Five Facts About the Dominican Republic
The Dominican Republic is a beautiful place to visit. There are so many rich cultural experiences to try, not to mention stunning natural landscapes and beautiful white sand beaches. The Dominican Republic is certainly one of the most popular vacation destinations in the Caribbean, but did you know that it’s also the oldest? In honor of the upcoming national holiday Restoration Day, we’ve compiled five facts about the Dominican Republic that you may not know.
1: The Dominican Republic is the oldest country in the Americas, and Santo Domingo, its capital, and largest city, is the oldest European settlement in the Western Hemisphere. Christopher Columbus colonized the island 1492, and Santo Domingo was founded shortly afterward in 1496.
2: Santo Domingo is also home to the first university, hospital, cathedral and monastery in the Americas. The oldest cathedral, aptly named the Catedral Primada de América, is believed to house the ashes of explorer Christopher Columbus and his son Diego, who laid the first stone of the impressive building in 1514. Explore all of these important cultural landmarks, as well as the rest of this UNESCO World Heritage site, on a private guided tour during a historic excursion from Casa de Campo Resort.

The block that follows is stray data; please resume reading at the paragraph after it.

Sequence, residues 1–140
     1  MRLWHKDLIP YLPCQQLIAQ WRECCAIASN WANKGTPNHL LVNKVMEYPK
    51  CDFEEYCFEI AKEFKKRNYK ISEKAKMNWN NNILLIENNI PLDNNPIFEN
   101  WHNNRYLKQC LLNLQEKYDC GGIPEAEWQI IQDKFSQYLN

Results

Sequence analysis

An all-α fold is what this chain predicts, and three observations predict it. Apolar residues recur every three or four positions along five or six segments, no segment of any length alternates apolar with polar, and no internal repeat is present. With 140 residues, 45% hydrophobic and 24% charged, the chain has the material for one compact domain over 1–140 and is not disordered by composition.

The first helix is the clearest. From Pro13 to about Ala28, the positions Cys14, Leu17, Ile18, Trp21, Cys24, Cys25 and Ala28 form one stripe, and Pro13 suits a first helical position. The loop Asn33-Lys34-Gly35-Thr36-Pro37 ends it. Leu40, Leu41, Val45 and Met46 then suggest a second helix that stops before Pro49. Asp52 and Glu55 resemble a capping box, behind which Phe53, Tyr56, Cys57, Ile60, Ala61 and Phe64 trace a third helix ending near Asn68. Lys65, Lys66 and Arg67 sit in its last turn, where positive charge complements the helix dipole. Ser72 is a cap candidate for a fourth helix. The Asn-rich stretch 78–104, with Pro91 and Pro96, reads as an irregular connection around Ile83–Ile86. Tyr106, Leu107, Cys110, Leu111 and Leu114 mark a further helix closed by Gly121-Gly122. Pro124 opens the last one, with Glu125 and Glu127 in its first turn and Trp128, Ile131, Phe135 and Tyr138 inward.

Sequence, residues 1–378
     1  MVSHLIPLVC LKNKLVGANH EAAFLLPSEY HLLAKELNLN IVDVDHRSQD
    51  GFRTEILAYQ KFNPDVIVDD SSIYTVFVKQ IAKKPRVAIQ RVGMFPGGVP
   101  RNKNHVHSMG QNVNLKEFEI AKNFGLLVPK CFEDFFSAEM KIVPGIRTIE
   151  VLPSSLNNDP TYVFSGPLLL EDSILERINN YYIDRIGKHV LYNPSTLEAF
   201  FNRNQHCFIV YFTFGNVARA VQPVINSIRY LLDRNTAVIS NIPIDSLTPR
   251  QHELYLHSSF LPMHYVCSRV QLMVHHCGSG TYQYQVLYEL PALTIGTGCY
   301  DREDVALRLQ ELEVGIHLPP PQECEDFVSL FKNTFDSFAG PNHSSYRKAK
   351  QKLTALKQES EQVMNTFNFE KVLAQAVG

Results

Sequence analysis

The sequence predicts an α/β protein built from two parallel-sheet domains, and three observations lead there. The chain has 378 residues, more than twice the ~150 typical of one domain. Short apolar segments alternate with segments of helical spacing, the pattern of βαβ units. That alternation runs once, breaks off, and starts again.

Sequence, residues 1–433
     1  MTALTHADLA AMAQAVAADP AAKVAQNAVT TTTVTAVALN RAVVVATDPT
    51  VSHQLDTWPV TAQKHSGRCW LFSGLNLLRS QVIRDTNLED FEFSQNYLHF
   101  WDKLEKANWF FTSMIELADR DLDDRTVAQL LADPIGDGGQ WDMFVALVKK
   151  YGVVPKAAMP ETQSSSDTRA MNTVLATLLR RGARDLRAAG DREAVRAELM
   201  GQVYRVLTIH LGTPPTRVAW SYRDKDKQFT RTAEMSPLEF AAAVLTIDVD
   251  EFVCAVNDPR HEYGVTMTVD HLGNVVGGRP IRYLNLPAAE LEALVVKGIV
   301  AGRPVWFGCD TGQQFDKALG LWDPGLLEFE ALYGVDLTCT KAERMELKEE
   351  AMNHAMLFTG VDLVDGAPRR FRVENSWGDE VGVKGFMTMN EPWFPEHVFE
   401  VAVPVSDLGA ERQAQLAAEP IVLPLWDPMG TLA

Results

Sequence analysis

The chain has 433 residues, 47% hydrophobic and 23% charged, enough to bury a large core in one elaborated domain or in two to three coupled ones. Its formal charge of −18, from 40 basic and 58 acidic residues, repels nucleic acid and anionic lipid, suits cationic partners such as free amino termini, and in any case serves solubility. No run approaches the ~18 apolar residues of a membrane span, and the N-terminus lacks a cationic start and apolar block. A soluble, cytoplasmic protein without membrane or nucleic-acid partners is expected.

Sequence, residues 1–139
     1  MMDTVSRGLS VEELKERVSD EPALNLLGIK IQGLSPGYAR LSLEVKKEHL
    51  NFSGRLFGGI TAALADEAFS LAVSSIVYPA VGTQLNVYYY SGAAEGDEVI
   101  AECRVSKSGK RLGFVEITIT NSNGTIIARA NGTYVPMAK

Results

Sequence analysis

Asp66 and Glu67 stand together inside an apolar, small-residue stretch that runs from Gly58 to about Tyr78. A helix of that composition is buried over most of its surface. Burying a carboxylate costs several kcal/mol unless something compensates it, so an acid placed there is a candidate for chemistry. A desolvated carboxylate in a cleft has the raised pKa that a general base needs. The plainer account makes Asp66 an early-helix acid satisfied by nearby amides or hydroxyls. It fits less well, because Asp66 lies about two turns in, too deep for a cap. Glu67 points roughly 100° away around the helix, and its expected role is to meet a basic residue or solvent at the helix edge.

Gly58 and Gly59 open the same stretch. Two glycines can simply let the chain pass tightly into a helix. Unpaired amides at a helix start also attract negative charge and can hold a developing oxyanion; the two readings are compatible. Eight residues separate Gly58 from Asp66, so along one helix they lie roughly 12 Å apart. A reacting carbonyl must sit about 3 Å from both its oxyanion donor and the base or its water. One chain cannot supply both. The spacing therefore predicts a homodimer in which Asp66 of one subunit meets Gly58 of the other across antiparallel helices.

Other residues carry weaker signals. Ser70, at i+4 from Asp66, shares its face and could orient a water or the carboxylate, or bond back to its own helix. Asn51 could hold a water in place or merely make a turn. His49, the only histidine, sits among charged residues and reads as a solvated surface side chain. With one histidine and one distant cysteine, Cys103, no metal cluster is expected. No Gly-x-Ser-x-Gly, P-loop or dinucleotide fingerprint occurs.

3: The Dominican Republic has the largest economy in the Caribbean, and is the second largest Caribbean nation, after Cuba. Traditional exports were sugar, gold, silver, and coffee. La Romana, home to Casa de Campo Resort, was actually founded as an industrial town. Today sights such as Altos de Chavón, accolades such as the best golf course in the Caribbean, and of course, local resorts, support the tourism and service industry – now one of the more prominent sectors of the Dominican Republic.
4: Baseball and fishing are the most popular sports in the Dominican Republic. Over 450 players currently active in Major League Baseball are from the Dominican Republic. Sport fishing is so popular that multiple tournaments – including the Casa de Campo International Blue Marlin Classic – are held each year for big game fish such as marlin and swordfish.
5: The Dominican Republic fought hard for its independence, and had to earn it more than once. In 1821 the entire island of Hispaniola, which is shared by Haiti and the Dominican Republic, declared independence from Spain. Two decades later, the Dominican Republic sought independence from Haiti in the Dominican War of Independence. The second stint of independence was difficult for the island nation, and it fell back under Spanish rule. In the Dominican War of Restoration in 1865, the Dominican Republic fought for its independence and achieved it once and for all.
Rich history. Remarkable cultural experiences. Beautiful natural surroundings. Delicious cuisine. There’s no shortage of things to discover during your vacation in the Dominican Republic! Start planning your Casa de Campo vacation today.